What President Buhari is getting right/wrong in his fight against corruption


During his presidential campaign, President Muhammadu Buhari was able to garner enough support to win because of an intense focus on fighting corruption, a problem that has constantly plagued successive Nigerian governments.  In his inauguration speech, he memorably declared that “In the face of dwindling revenues, a good place to start the re-positioning ‎of Nigeria’s economy is to swiftly tackle two ills that have ballooned under the present administration: waste and corruption.”  Here, he promised to take concrete steps to aid in restoring transparency and accountability to the public offices in nation.

However, after a review of President Muhammadu Buhari’s first hundred days in office, critics declared that not enough had been done to fulfil his promises on fighting corruption. In a seeming response,  the president has recently taken steps in his fight against corruption by arresting key people allegedly involved in diversion of funds.

Now that the  much anticipated fight against corruption is in full swing Nigerians have been shocked by revelations of how deep the rot goes, with some accusing even the president himself of involvement. But the current anti-corruption fight has not been universally praised with some Nigerians supporting the general idea but criticizing Buhari’s execution.

Here’s what  Buhari has done right and wrong in his quest to rid Nigeria of corruption.

The right:

Actions that speak louder than words

Buhari did not have to verbally declare that there will be no sacred cows in his anti-corruption fight.  He is showing Nigerians by ordering or allowing the arrests of prominent citizens in society. By doing so, he is proving to the people that he is not afraid to take on the ‘big guns’ in the society.  This may be winning the trust of Nigerians.

For example, when Buhari received the investigative committee’s report on the controversial arms deal, he immediately authorized the law enforcement agencies to arrest the people involved. Sambo Dasuki, the former National Security Adviser and other well-known Nigerians were arrested, questioned and charged to court.

Following due process

Although there were some initial hiccups, Buhari scored another point by allowing the rule of law to prevail when suspected corrupt officials are arrested. A good example of this is the ongoing trial of Raymond Dokpesi, the chairman of DAAR Communication. The Economic and Financial Crimes Commission (EFCC) filed six charges against him for receiving N2.1billion from the former NSA, Sambo Dasuki out of the funds meant for the purchase of arms for the Nigerian military.

Dokpesi was remanded in Kuje Prison in Abuja until he met the bail set for him by the Federal High Court, Abuja. However, his trial continues in February 2016. The other culprits involved in the controversial arms deal have also been arraigned at the Abuja High Court, where charges of a criminal breach of trust and the unlawful diversion of N32 billion were brought against them.

Keeping Nigerians in the know

Although the president is popularly known for keeping mum on some of his decisions, he is not keeping quiet about his battle against corruption. Buhari has shared his plans on how he intends to fight corruption every chance he gets and has done so right from his campaign days until present. Recently, in a statement by Garba Shehu, Buhari declared that all the money that public officials forcefully took from the country in the past 16 years must be returned. He said for the corrupt officials, “the day of reckoning is gradually approaching.” The president’s outspokenness has put a lot of Nigerians at ease and is helping them build trust in their leader.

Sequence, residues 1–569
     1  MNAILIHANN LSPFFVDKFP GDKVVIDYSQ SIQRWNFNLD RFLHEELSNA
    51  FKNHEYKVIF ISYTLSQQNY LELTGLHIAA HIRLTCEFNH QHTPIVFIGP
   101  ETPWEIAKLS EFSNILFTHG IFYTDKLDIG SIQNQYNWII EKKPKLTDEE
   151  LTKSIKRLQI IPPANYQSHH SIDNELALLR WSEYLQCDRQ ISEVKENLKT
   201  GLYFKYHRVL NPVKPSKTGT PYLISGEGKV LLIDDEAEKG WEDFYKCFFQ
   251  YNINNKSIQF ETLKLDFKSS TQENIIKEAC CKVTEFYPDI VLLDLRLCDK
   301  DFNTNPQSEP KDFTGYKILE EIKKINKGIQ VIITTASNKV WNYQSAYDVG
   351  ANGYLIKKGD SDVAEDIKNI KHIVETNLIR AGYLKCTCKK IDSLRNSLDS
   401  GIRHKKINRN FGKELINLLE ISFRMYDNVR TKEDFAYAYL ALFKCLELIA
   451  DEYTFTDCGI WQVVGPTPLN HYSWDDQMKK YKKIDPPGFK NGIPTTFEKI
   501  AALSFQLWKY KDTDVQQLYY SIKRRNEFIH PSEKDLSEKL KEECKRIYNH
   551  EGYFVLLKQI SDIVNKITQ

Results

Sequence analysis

The wrong:

Abacha’s loot

Sani Abacha was not named the 4th most corrupt leader in the world for nothing. He allegedly robbed Nigeria of $5 billion before his death 1998. In March of 2014, the United States Department of Justice revealed that it had frozen more than $458 million believed to have been illegally obtained by Abacha and other corrupt officials.

Therefore, in President Buhari’s grand fight against corruption, his first point of call should have been going after the biggest looter which is the late Sani Abacha, but instead, he choose to start his probe from 1999. He erroneously declared that Abacha (who even the notoriously mum Swiss banking system agreed was corrupt)  did not steal from the national treasury.

Many have said that if Buhari wants to fight corruption fair and square, then he should begin with previous military regimes, especially the dictatorships of the 1980s and 1990s.


Thus far, Buhari’s war on corruption seems to involve only the members of the opposition party. The majority of the corrupt officials that have been arrested are People’s Democratic Party  (PDP) members. The names that have been mentioned in relation to the $2 billion arms deal, including Bode George, Peter Odili, Attahiru Bafarawa, and Sambo Dasuki, are all prominent members of the PDP. Does this mean that there are no corrupt APC officials? Earlier this year, Fashola was accused of questionable expenditures. APC Senate President  Bukola Saraki who was charged by the Conduct Bureau on 13 counts of corruption. Current Minister of Transport and former Rivers State governor Rotimi Amaechi has been accused of diverting money from his state treasury to fund Buhari’s campaign. Sarai’s trial has currently been suspended, and no formal investigations have been opened against the other two APC stalwarts.

President Buhari  is right in moving to tackle one of Nigeria’s greatest problems but the question is whether his errors will derail what could be a very important step in the right direction.

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